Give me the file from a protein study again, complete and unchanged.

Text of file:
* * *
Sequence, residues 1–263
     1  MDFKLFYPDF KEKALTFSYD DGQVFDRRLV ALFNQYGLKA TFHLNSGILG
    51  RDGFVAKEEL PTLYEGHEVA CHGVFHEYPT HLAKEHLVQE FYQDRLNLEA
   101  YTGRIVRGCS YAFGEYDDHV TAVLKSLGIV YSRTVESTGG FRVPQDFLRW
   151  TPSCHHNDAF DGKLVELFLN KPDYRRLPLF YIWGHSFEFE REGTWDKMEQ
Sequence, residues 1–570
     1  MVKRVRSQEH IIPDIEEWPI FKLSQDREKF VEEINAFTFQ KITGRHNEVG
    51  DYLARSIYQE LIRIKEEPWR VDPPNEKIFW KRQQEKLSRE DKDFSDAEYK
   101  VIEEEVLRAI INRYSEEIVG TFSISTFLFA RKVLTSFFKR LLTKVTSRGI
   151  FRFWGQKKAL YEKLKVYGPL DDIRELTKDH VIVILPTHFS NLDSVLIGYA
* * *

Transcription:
Sequence, residues 1–263
     1  MDFKLFYPDF KEKALTFSYD DGQVFDRRLV ALFNQYGLKA TFHLNSGILG
    51  RDGFVAKEEL PTLYEGHEVA CHGVFHEYPT HLAKEHLVQE FYQDRLNLEA
   101  YTGRIVRGCS YAFGEYDDHV TAVLKSLGIV YSRTVESTGG FRVPQDFLRW
   151  TPSCHHNDAF DGKLVELFLN KPDYRRLPLF YIWGHSFEFE REGTWDKMEQ
Sequence, residues 1–570
     1  MVKRVRSQEH IIPDIEEWPI FKLSQDREKF VEEINAFTFQ KITGRHNEVG
    51  DYLARSIYQE LIRIKEEPWR VDPPNEKIFW KRQQEKLSRE DKDFSDAEYK
   101  VIEEEVLRAI INRYSEEIVG TFSISTFLFA RKVLTSFFKR LLTKVTSRGI
   151  FRFWGQKKAL YEKLKVYGPL DDIRELTKDH VIVILPTHFS NLDSVLIGYA